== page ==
Impeachment Hearings Highlight More Trump Phone OPSEC Failures
from the ill-communication dept
Plenty has been made of the President’s unwillingness to adhere to anything close to reasonable security when using his mobile phones. Whereas the Defense Information Systems Agency (DISA) and the National Security Agency usually work in concert providing state leaders with “hardened” devices that are heavily encrypted, routinely updated, and frequently swapped out, Trump has refused to use these more secure DMCC-S devices (effectively a Samsung Galaxy S4 device utilizing Samsung’s Knox security architecture) because they apparently infringe on his ability to Tweet.
Just a few months ago, Senators sent a letter expressing concern that Trump’s mobile phone practices were leaving the President open to potential hacking by foreign entities:
“The President of the United States stands alone as the single-most valuable intelligence target on the planet. Given the apparent lack of progress the Administration has made since initial reports in 2016 of the President?s poor operational security, it appears the only thing standing between the Office of the President and the next national security nightmare is a combination of President Trump?s personal restraint and sheer luck.”
Eventually, the President was convinced to use two iPhones: one locked down specifically for Twitter, and the other specifically tasked with making phone calls. Even here reports have suggested that Trump has struggled to adhere to these restrictions, often making personal calls on his unsecured Samsung Galaxy III.
This week in testimony before the House Intel Committee, diplomat William Taylor testified he had recently learned of a call between US/EU ambassador Gordon Sondland and President Trump while at dinner at a restaurant in Kiev. The conversations regarded Trump’s efforts to pressure Ukraine to help him dig up dirt on Biden, though security experts were more concerned by another aspect of the revelation; namely the idea that the President was openly discussing sensitive issues — in public — on foreign cellular networks:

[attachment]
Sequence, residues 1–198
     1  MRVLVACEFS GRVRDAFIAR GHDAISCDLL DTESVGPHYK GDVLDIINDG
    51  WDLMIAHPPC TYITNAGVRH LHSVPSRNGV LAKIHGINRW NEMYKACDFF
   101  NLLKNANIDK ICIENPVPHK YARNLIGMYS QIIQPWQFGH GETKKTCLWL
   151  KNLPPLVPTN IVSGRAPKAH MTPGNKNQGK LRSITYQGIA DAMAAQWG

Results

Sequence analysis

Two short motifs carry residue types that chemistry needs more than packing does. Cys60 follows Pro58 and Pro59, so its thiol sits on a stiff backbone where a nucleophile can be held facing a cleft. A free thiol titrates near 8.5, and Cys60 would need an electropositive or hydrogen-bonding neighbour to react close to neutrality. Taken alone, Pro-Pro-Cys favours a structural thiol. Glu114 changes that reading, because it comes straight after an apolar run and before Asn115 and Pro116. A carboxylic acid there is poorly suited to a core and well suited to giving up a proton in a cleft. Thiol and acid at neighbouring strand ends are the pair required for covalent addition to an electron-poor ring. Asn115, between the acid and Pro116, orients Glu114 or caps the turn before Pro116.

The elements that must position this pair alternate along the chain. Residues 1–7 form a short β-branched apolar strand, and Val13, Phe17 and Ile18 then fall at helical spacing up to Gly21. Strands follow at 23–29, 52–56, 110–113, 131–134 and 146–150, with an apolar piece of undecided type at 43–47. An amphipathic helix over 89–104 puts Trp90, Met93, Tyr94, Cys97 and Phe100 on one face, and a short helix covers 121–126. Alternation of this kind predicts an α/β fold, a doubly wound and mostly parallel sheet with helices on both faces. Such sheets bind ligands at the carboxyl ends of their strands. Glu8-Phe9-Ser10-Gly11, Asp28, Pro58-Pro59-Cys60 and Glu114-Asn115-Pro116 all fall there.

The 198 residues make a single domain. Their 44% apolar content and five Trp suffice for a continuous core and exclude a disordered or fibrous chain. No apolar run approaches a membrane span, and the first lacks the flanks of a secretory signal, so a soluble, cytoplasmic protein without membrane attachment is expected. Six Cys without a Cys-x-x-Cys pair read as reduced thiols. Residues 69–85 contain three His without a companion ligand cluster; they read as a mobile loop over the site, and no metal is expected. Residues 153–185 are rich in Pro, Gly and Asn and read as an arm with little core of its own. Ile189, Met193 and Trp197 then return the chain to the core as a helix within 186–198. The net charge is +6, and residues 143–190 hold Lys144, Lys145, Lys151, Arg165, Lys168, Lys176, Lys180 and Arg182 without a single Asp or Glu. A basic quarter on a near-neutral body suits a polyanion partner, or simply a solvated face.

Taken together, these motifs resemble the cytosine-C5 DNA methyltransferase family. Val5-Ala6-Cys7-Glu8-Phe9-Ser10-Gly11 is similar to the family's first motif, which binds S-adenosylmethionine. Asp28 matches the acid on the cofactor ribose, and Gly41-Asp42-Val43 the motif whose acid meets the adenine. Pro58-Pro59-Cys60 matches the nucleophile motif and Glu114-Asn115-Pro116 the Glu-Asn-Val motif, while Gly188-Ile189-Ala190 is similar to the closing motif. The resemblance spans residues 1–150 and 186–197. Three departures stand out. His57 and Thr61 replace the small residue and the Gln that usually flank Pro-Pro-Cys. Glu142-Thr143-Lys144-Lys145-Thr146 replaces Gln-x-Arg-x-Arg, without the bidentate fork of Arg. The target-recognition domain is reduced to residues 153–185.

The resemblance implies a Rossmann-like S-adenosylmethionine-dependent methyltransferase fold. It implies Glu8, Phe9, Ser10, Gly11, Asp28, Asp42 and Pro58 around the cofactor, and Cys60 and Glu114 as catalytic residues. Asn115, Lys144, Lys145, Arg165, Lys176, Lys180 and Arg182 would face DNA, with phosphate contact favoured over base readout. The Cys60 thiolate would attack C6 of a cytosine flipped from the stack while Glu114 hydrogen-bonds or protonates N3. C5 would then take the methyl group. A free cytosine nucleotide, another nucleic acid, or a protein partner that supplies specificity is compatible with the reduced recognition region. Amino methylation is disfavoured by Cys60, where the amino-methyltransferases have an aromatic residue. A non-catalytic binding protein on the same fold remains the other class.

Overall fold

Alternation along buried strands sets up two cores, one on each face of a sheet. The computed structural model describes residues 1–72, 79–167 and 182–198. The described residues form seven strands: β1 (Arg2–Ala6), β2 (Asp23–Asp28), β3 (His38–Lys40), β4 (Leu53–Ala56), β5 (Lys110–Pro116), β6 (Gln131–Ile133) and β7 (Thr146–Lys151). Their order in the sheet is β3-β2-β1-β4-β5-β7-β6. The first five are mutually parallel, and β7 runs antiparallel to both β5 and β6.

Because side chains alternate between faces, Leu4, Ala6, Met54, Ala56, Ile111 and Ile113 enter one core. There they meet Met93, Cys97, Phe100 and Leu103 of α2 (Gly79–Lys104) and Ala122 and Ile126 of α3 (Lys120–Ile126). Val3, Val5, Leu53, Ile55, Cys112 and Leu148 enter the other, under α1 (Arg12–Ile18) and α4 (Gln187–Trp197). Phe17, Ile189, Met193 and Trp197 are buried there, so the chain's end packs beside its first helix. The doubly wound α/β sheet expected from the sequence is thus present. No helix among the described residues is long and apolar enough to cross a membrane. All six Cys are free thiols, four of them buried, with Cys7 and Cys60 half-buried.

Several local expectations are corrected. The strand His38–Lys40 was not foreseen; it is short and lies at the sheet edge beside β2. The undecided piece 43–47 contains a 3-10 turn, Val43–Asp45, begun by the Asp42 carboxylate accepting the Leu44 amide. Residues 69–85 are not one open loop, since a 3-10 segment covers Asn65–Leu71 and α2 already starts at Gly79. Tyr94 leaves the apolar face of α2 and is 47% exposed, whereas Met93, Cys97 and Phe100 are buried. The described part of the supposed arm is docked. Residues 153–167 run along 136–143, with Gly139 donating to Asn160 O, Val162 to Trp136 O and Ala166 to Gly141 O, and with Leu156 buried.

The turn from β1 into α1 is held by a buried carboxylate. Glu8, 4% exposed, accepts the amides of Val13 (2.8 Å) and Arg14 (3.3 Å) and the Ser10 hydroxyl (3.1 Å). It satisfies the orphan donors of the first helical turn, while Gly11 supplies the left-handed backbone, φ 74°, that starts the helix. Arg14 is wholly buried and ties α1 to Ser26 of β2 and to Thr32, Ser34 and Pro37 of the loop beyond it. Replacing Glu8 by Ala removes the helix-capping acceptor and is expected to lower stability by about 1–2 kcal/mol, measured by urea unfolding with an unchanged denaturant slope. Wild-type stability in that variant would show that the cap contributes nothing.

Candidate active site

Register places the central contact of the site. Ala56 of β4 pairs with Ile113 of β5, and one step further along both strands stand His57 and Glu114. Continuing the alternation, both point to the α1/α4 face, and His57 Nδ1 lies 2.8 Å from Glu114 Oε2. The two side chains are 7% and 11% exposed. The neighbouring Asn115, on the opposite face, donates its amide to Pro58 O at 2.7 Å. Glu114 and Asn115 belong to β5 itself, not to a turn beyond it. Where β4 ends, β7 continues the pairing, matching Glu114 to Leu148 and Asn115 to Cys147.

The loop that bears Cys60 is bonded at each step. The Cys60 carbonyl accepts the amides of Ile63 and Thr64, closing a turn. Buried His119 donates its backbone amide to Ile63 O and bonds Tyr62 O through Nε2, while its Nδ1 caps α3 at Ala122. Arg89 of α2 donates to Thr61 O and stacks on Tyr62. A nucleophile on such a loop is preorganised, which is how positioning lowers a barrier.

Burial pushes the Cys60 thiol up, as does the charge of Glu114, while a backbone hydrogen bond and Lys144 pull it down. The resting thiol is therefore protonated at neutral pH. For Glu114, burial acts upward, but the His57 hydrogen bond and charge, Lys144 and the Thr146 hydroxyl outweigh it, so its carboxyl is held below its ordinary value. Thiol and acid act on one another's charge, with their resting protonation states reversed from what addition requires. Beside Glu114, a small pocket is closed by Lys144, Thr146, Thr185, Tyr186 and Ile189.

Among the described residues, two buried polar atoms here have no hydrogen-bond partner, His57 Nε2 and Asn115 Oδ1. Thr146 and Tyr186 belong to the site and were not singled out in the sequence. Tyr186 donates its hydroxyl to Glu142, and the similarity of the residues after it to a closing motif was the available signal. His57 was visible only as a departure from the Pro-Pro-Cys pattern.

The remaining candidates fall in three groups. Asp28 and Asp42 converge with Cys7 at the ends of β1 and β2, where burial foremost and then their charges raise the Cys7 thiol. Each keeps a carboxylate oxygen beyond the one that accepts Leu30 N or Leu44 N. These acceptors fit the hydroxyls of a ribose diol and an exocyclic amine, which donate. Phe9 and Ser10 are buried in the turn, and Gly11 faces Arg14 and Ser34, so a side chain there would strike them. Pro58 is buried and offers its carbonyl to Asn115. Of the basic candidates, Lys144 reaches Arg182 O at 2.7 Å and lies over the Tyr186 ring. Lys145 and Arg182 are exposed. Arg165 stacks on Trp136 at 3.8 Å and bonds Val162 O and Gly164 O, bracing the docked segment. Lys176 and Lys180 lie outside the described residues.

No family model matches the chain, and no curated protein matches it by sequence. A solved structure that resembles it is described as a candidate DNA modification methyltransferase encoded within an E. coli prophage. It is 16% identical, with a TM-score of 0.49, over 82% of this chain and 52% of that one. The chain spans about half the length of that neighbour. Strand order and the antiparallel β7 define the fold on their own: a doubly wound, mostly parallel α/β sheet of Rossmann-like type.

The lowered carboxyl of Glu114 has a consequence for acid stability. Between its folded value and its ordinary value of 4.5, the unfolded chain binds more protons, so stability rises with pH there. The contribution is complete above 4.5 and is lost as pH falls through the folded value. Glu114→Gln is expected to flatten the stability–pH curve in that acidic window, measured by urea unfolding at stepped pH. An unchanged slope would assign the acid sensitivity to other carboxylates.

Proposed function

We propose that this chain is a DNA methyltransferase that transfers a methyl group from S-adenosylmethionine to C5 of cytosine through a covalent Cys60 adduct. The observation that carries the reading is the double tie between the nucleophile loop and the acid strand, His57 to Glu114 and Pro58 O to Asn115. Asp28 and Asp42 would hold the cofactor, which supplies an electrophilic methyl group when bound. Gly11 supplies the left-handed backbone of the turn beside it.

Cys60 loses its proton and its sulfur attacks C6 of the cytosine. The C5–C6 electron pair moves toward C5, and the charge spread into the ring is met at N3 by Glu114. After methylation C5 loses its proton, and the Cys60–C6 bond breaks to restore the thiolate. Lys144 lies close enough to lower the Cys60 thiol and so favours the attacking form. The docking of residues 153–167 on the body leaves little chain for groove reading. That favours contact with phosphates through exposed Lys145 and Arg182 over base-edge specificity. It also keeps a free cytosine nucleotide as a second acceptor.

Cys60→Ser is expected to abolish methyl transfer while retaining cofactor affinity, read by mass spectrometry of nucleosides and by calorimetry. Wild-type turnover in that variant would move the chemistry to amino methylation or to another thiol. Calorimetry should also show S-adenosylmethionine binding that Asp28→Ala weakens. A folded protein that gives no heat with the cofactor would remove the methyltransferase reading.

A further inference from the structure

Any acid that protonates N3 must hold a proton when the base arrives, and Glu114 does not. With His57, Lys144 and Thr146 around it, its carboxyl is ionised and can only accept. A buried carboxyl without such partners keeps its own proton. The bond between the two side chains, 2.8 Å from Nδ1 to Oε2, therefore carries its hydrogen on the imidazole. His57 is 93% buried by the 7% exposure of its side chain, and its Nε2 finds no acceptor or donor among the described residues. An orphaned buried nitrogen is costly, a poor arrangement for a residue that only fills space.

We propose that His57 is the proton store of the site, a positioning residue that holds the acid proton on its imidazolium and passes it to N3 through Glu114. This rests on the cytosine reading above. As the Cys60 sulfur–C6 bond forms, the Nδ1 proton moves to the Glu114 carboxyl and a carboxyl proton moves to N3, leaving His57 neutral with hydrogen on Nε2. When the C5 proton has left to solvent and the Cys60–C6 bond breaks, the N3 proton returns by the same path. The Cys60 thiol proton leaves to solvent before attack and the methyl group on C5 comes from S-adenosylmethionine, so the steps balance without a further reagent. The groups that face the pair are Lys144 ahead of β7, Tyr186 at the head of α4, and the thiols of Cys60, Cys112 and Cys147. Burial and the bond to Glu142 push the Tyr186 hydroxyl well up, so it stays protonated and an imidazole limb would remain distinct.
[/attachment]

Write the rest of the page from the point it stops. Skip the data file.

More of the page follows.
“There are a ton of risks there, but some of the biggest involve the fact that the call is traversing the foreign country’s telco,”said Jake Williams a former National Security Agency operator and founder of Rendition Infosec. “Even if you trust that country not to spy on their own telcos, others probably have. There’s a non-zero chance that some country (or multiple countries) are getting call data records (CDR). This definitely would have made for increased targeting on Sondland and his contacts. Honestly, if I saw that in CDR collection, my first thought would be, ‘That has to be a troll, right?’ That would be immediately followed by, ‘Get full voice coverage on his phone (and everyone around him). These guys don’t understand OPSEC.”
Needless to say, having phone calls in public restaurants over foreign cell networks is considered a no no in security circles:
“During that call with Gordon Sondland, the U.S. ambassador to the European Union, Trump spoke so loudly about ?the investigations? that someone in the restaurant who was not on the phone could hear his words, according to Bill Taylor, the senior American diplomat in Ukraine.
It is highly likely that others were listening too. Russia?s intelligence services have previously demonstrated the capability to intercept the phone calls of American diplomats in Ukraine and make recordings that can be used to compromise or embarrass those officials.”
Granted there’s a universe of other ways that foreign and US intelligence can and do spy on public officials even if you’re using an encrypted connection, from the use of IMSI catchers to the exploitation of the longstanding SS7 flaw we’ve long noted nobody seems interested in fixing:
This stunning revelation at the #ImpeachmentHearings shows the unacceptable lack of cybersecurity by the @realDonaldTrump Administration. Any foreign power can listen in on a cell phone by exploiting a flaw known as "SS7." Look it up. It will scare you. https://t.co/mZZ7B2IHK2 https://t.co/1J7PUd8yGK
— Ted Lieu (@tedlieu) November 13, 2019
Like so many tech issues, the stupidity will get lost in partisan fisticuffs, with the President’s supporters taking such deep offense at the idea the President is terrible at security that they’ll mindlessly discount this as just more unfair partisan criticism they don’t have to pay attention to. But reality doesn’t care, and report after report has made it pretty damn clear the President of the United States has garbage-level OPSEC that no level of hand holding appears capable of mitigating.